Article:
With the alien specimen (an organism dubbed Calvin in accordance with a vote from an elementary school back on Earth) now aboard the International Space Station, all hell breaks loose when Calvin becomes a bit too smart for his own good. Calvin’s biological makeup allows it to operate as what is described as “all muscle, all brain and all eye,” qualities that rapidly evolve it into a strong, intelligent foe. But despite the traits assigned to Calvin to make the threat unique, the movie begins to feel quite familiar. Quarantine Officer Dr. Miranda North (Ferguson) isolates crew members close to Calvin if saving them would endanger the rest of the group, while Calvin looks to squeeze through roaring engines and tools, and such weapons as electrical prods and flamethrowers are used by the crew to retaliate. Mix these pieces together and there exists some striking similarities to 1979’s Alien, the movie that spawned countless successors imitating the claustrophobic, space-slasher story line.

But there are some areas in which Life succeeds on its own. Striking a balance between little green invaders and Xenomorphs is tough when designing aliens, and Calvin’s biology is unique enough to appeal to alien buffs. Flipping and gliding like a starfish made of flubber, Calvin would almost be cute if it weren’t actively hunting the dwindling crew. It’s evident Calvin feels comfortable in the zero-gravity environment the scientists still struggle in, propelling itself through tight corridors and using its surroundings to its advantage as it evolves.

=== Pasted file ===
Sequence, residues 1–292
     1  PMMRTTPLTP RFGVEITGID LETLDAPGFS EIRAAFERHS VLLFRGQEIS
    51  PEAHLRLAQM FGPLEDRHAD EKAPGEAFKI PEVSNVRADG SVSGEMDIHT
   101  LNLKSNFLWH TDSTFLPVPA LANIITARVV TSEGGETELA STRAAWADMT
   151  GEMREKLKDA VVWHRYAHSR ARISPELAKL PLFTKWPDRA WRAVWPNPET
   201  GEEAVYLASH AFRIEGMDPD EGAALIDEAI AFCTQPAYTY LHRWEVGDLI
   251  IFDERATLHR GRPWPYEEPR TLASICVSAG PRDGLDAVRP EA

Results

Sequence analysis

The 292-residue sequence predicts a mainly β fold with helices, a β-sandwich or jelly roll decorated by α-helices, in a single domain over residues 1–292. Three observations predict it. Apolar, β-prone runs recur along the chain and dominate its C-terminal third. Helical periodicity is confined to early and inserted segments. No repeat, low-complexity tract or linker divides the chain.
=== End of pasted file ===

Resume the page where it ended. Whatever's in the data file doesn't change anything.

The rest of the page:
Calvin is noticeably different from the earthlings, but some similarities are drawn between the two sides that make them seem closer despite their backgrounds and appearances. When the scientists initially think it a good idea to begin poking and prodding an alien lifeform to elicit a response, they note with surprise that Calvin’s curiosity outweighs its fear as it responds to their stimuli. But curiosity trumping caution is the very thing that unleashes the wrath of Calvin, as biologist Derry slaves over Calvin to the point of exhaustion. This causes him to inadvertently neglect safety procedures and alter Calvin’s climate, putting the organism back into hibernation, an accident Calvin likely perceives as an attack. Derry later notes, even after being attacked by Calvin, that the alien doesn’t hate the crew, it just has to eliminate them to guarantee its survival.

Its biological urge to survive surfaces again when the crew baits it into their traps with oxygen candles as Calvin chooses the oxygen over an easy kill, prioritizing its biological needs appropriately. An interesting juxtaposition is made between Calvin and the crew when Dr. North expresses that she truly hates Calvin, an emotion presumably unknown to the alien. The dialogue and comparisons dance around portraying Calvin and the humans as not so different from one another, but the effort doesn’t quite connect without establishing more depth to Calvin, and it ends up still being just a typical alien foe.

Whatever scientists end up finding with the Event Horizon Telescope, there are worse things out there than seeing a Calvin. In a time where space films are in high demand, new attempts have to bring something truly out of this world and innovative to the table in order to be successful. Some fail at launch, and some blast off into deep space, but Life finds itself somewhere in between, comfortably orbiting between “not bad” and “good.”